Project structures and aims
The project ZeitenWelten is funded by the DFG since 2012 and runs to 2015, in which the last conference will be held. The projects meets up to two times a year with external guests and eleven permanent members from Austria, England, Germany and Switzerland. The individual projects range from the early middle ages up to the 13th century, covering mainly western and central Europe and will be published in a collaborative essay collection.
Time and space are important conditions of our existence. Hence their conception has always attracted scholarly as well as social interest. In response to the massive changes in our ways of living both, time and space, are becoming ever more relevant categories of perception. In spite of ongoing efforts to subject them to an objective organization they basically cannot be measured in a purely logic-mathematical way. Both retain powerful subjective dimensions related to social and cultural contexts, something which is becoming increasingly obvious in our globalised world.
Scholarly debate recently produced a string of important works about the historical perception of space. Time as category was – up to just now – paid far less attention. This is changing fast at the moment. Since we started the project the issue of time gained much more interested in the humanities.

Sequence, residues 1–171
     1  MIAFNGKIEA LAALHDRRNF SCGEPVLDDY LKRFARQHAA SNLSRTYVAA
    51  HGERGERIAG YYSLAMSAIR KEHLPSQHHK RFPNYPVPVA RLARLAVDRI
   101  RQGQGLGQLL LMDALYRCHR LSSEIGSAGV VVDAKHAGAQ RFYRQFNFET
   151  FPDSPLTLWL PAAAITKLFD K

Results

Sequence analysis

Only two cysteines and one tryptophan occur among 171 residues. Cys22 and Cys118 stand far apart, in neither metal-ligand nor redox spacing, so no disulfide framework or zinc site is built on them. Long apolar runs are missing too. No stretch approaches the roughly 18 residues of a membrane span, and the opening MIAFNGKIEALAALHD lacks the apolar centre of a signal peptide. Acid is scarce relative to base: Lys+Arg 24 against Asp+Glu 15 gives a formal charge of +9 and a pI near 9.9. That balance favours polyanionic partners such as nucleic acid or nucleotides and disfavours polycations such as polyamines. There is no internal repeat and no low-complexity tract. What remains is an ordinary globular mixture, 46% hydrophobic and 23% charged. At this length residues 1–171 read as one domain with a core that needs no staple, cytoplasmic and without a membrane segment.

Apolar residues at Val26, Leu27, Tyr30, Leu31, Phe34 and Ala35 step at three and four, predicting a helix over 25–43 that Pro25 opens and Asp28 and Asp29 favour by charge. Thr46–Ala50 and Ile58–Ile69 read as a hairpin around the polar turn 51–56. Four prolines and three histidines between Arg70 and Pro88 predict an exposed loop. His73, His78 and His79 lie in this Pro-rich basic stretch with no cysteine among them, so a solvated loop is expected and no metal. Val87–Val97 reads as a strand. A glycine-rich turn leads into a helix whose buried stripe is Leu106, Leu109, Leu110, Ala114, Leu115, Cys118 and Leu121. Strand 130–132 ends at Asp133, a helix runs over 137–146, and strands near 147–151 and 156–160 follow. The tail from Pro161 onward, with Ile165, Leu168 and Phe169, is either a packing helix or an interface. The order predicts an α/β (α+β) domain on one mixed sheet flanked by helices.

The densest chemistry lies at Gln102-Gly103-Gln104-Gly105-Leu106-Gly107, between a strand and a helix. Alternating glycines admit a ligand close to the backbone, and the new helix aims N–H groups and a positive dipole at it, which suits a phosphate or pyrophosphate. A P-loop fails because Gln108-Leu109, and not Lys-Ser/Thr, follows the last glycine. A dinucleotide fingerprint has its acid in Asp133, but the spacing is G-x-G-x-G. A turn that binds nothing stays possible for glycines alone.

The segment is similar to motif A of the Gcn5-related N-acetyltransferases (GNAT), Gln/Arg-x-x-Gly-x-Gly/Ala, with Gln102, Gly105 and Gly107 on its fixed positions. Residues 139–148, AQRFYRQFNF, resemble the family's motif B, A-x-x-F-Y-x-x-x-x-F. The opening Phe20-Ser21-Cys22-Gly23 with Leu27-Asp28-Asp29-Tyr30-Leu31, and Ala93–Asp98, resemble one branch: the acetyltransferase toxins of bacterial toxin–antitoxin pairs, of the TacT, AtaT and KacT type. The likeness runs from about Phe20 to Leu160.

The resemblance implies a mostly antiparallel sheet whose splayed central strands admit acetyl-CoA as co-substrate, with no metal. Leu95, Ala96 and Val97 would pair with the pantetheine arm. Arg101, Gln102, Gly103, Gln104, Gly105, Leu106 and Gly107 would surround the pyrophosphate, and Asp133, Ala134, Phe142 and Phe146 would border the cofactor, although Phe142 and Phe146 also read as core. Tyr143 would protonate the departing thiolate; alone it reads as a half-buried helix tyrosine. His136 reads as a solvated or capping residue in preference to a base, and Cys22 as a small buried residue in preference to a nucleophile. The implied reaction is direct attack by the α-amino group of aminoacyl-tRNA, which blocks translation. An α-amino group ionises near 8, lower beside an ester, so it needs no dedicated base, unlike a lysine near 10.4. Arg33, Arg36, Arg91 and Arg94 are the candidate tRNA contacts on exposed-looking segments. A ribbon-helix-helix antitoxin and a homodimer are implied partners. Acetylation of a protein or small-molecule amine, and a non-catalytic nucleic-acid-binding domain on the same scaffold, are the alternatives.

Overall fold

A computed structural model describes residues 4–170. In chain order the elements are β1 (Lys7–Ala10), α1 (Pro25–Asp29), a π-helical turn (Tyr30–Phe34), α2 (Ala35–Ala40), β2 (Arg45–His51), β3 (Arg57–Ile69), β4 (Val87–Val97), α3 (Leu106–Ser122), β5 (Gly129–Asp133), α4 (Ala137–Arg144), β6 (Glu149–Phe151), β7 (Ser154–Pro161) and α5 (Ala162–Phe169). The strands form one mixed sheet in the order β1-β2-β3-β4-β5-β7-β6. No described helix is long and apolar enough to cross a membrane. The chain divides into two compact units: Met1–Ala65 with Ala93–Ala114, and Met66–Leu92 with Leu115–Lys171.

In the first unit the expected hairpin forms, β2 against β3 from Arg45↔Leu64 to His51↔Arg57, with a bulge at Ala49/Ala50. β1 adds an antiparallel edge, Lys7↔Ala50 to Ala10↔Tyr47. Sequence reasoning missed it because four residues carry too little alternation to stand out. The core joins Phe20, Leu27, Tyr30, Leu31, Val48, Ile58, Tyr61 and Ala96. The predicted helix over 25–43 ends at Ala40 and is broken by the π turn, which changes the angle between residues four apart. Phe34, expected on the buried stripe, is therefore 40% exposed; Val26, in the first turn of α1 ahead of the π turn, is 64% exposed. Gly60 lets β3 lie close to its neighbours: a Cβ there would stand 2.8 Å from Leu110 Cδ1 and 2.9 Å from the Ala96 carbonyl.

Nevertheless – the Middle Ages still represent a good starting point to formulate new ideas, as medieval concepts of time – at least seem to – structurally mirror modern models. One of the findings of todays cultural studies is the understanding that time in the post-modern world has altered. The idea of linear time with an open future that was – according to Koselleck – only established in the 18th century starts to disintegrate and gives way to a new concept in which time is no longer linear but constitutes a pervasive, continuous present with a sealed future (if one follows for example Hans-Ulrich Gumbrecht).
The as yet prevailing linear model of time has also influenced many medievalists in thinking about time: thus they often tried to establish medieval ideas of the linearity of time: On the one hand in looking at the emergence of instruments of timekeeping and on the other hand in exploring how it was effected by the bible as frame of reference. Others stressed the circularity of time as typically medieval and refuted the possibility of medieval concepts of linearity of time. They understood linear perception of time as a notion of progress which is at the same time viewed to be an exclusive feature of modernity.
«ZeitenWelten» discusses if the models outlined above are exclusive or if medieval ideas of time were rather more complex and could be linear and circular at the same time, the underlying research question being, how social, symbolic, intellectual and normative efforts formed time and its perception. We postulate that instead of perceiving time only as a consecutive sequence of events, time in the middle ages was rather shaped in a cyclical, linear and layered fashion. Therefore the project examines if there are tensions or rather links between linear and circular ideas of time. If they are both part of one conception, out of these tensions and links coexisting temporal layers may become discernable.